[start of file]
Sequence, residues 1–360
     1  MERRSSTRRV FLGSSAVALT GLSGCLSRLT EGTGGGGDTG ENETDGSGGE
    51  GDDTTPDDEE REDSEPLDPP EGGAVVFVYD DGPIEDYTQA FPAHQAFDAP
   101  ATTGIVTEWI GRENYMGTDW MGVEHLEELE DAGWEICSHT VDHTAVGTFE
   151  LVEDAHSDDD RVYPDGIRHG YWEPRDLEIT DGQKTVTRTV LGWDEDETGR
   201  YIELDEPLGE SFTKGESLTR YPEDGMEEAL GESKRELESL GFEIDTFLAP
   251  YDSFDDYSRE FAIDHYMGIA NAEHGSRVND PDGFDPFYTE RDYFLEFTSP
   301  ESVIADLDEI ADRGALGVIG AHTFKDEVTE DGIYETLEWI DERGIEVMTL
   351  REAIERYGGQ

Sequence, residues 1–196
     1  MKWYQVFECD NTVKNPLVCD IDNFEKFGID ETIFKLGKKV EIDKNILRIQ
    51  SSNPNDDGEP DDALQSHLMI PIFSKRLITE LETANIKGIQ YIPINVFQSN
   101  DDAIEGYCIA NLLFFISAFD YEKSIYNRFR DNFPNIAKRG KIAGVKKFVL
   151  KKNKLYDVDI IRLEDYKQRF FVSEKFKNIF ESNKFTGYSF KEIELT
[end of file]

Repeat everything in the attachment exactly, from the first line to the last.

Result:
Sequence, residues 1–360
     1  MERRSSTRRV FLGSSAVALT GLSGCLSRLT EGTGGGGDTG ENETDGSGGE
    51  GDDTTPDDEE REDSEPLDPP EGGAVVFVYD DGPIEDYTQA FPAHQAFDAP
   101  ATTGIVTEWI GRENYMGTDW MGVEHLEELE DAGWEICSHT VDHTAVGTFE
   151  LVEDAHSDDD RVYPDGIRHG YWEPRDLEIT DGQKTVTRTV LGWDEDETGR
   201  YIELDEPLGE SFTKGESLTR YPEDGMEEAL GESKRELESL GFEIDTFLAP
   251  YDSFDDYSRE FAIDHYMGIA NAEHGSRVND PDGFDPFYTE RDYFLEFTSP
   301  ESVIADLDEI ADRGALGVIG AHTFKDEVTE DGIYETLEWI DERGIEVMTL
   351  REAIERYGGQ

Sequence, residues 1–196
     1  MKWYQVFECD NTVKNPLVCD IDNFEKFGID ETIFKLGKKV EIDKNILRIQ
    51  SSNPNDDGEP DDALQSHLMI PIFSKRLITE LETANIKGIQ YIPINVFQSN
   101  DDAIEGYCIA NLLFFISAFD YEKSIYNRFR DNFPNIAKRG KIAGVKKFVL
   151  KKNKLYDVDI IRLEDYKQRF FVSEKFKNIF ESNKFTGYSF KEIELT